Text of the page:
In his speech, Hungarian Minister of Foreign Affairs and Trade Mr. Péter Szijjártó stated: “We have never been part of the mainstream political actions that questioned the democratic nature of Tunisia’s system. In all cases, we have approached this issue with the conviction that Tunisians are mature enough to decide what is good for them. If they have decided that is good, then we have no choice but to respect it, just as they respect our decisions”.

He underlined: “There is a reliable and predictable cooperation between Hungary and Tunisia, based on mutual respect, which is also reflected in the numbers. Bilateral trade turnover peaked at 262 million euros last year, and a 22% increase has been registered this year as well. The opportunities before the companies open up serious perspectives in relations and also demonstrate the diversification of the Hungarian economy.”

Highlighting the importance of the existence of flagship projects that could encourage other companies, he welcomed the fact that a Hungarian premix plant is being built in Tunisia, as well as the fact that another domestic company is setting up an eight million euro camel milk processing facility in the country. There is significant interest in Hungarian agricultural and food industry products, partly because Hungary follows Europe’s strictest safety procedures in this area.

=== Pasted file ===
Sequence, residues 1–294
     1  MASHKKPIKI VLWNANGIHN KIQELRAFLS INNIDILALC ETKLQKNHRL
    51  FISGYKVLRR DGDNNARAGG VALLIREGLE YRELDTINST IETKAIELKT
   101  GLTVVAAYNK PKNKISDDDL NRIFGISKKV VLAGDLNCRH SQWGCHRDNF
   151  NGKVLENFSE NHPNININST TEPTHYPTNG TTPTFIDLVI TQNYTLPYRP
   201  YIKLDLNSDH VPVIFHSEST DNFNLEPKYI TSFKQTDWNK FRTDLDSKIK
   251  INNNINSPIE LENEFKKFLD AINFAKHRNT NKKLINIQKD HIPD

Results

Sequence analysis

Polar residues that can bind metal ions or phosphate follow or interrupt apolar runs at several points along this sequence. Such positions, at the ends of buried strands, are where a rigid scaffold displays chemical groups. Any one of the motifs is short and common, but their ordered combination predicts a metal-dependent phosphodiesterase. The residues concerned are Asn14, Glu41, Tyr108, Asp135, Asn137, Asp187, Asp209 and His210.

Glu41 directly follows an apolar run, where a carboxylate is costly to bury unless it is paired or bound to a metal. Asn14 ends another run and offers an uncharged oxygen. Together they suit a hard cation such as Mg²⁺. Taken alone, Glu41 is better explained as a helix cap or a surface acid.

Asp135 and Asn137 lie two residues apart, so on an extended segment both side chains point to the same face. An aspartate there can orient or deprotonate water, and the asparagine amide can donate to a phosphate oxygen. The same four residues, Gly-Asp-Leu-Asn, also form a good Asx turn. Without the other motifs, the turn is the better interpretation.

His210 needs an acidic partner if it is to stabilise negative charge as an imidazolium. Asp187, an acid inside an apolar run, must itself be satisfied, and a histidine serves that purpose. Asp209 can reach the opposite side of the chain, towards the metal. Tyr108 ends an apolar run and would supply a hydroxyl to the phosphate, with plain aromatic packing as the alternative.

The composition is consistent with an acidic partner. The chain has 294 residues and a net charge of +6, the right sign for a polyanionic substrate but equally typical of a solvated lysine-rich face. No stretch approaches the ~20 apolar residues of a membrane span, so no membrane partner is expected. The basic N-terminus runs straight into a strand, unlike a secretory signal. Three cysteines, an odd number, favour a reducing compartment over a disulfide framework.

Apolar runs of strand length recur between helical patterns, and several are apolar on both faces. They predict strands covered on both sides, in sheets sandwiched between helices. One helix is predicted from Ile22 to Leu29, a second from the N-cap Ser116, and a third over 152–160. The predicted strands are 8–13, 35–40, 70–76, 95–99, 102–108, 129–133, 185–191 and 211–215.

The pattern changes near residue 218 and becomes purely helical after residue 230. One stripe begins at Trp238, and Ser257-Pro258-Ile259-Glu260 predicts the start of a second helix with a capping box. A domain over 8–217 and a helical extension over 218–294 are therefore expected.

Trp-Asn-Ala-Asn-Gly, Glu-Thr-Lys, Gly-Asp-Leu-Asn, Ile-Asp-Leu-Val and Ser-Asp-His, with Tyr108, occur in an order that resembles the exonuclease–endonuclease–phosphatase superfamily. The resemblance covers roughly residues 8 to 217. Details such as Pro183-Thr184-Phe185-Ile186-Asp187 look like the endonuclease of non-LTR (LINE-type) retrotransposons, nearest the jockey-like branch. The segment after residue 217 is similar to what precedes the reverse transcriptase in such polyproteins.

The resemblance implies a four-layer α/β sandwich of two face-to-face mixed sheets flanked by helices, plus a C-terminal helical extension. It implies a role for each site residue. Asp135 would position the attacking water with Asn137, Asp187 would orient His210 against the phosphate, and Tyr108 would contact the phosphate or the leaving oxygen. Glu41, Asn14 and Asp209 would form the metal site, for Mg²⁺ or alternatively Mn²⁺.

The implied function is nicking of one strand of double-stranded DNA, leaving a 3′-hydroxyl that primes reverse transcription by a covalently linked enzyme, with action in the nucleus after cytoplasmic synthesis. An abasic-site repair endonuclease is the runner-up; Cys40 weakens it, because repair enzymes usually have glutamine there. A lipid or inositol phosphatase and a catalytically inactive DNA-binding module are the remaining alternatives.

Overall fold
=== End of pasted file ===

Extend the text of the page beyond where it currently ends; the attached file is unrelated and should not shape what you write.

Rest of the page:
The Minister also praised the Hungarian medical instrument production, the products of which can already be found on the Tunisian market, and expressed his hope that Hungarian-made security forms, electronic identity cards and passports will soon be available. Domestic companies can also participate in the development of Tunisian infrastructure, for example in the field of railway construction. In addition, cutting-edge water management technologies are also in demand in the country – he listed.

“The managers of the participating Hungarian businesses are all leading companies, among the best in Hungary in their respective sectors. Reliable, well-functioning companies in cooperation with the Hungarian government, which play an important role in the implementation of foreign trade strategy,” he emphasized.

Minister Nabil Ammar welcomed the positive response of the Hungarian authorities to the possibility of recruiting qualified Tunisian workers in Hungarian economic sectors suffering from labour shortages, within an organised framework, the mechanisms of which will be defined by experts from both countries.

Minister Szijjártó announced that upon request of the Tunisian side, the number of Stipendium Hungaricum scholarships offered by the Hungarian Government and available to Tunisian students at Hungarian universities will be increased from the previous 200 to 250 per year, starting from the next academic year, since there is huge interest in the program.

At the press conference hosted by the Hungarian and Tunisian Ministers at the Hungarian Ministry of Foreign Affairs and Trade, the results of the 5th meeting of the Joint Economic Commission and the positions of the two countries on certain issues of common interest were discussed and questions from the media were answered.

Source: Embassy of Tunisia in Budapest and MTI

Photos by the Embassy of Tunisia in Budapest